Author: Laura S Geurts1, James R H Cooke1, Ruben S van Bergen1,2, Janneke F M Jehee3
Affiliation: <sup>1</sup> Donders Institute for Brain, Cognition and Behavior, Radboud University, Nijmegen, the Netherlands. <sup>2</sup> Zuckerman Mind Brain Behavior Institute, Columbia University, New York, NY, USA. <sup>3</sup> Donders Institute for Brain, Cognition and Behavior, Radboud University, Nijmegen, the Netherlands. email@example.com.
Conference/Journal: Nat Hum Behav
Date published: 2022 Feb 1
Other: Volume ID: 6 , Issue ID: 2 , Pages: 294-305 , Special Notes: doi: 10.1038/s41562-021-01247-w. , Word Count: 164
What gives rise to the human sense of confidence? Here we tested the Bayesian hypothesis that confidence is based on a probability distribution represented in neural population activity. We implemented several computational models of confidence and tested their predictions using psychophysics and functional magnetic resonance imaging. Using a generative model-based decoding technique, we extracted probability distributions from neural population activity in human visual cortex. We found that subjective confidence tracks the shape of the decoded distribution. That is, when sensory evidence was more precise, as indicated by the decoded distribution, observers reported higher levels of confidence. We furthermore found that neural activity in the insula, anterior cingulate and prefrontal cortex was linked to both the shape of the decoded distribution and reported confidence, in ways consistent with the Bayesian model. Altogether, our findings support recent statistical theories of confidence and suggest that probabilistic information guides the computation of one's sense of confidence.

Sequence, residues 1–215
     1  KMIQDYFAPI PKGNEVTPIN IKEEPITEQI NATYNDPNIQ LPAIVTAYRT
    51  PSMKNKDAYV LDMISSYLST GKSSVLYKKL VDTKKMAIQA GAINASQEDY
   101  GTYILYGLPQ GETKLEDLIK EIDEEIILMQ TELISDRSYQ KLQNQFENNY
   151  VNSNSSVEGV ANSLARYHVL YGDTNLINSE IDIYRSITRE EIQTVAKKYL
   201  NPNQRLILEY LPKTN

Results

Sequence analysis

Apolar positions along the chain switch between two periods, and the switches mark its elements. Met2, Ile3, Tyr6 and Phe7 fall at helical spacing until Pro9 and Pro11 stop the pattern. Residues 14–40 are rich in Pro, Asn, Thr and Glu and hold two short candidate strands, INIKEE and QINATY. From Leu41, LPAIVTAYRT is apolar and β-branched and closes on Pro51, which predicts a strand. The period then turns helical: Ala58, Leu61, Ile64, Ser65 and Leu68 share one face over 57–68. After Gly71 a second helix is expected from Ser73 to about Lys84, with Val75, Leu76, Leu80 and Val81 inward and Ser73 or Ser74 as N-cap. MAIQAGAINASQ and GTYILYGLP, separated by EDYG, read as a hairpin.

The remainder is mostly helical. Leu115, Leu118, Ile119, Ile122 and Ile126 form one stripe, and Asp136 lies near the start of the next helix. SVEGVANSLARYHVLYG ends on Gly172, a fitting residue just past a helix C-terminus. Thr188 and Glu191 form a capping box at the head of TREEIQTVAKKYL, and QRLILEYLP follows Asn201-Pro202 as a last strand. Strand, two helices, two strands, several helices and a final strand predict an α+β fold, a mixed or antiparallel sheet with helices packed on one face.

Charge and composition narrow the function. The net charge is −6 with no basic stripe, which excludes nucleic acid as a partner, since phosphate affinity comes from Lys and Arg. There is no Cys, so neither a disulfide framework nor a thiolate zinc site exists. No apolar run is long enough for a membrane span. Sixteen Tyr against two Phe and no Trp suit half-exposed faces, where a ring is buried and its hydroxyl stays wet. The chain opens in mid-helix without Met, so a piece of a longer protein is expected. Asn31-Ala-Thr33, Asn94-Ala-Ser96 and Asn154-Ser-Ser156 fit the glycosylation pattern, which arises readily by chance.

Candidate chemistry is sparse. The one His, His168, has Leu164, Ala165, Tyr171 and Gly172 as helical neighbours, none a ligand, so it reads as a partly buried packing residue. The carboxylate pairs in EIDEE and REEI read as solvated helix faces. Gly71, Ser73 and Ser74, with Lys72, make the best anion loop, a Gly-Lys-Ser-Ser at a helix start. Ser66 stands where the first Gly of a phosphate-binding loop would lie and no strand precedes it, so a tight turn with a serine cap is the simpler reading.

PMID: 35058641 PMCID: PMC7612428 (available on 2022-07-20) DOI: 10.1038/s41562-021-01247-w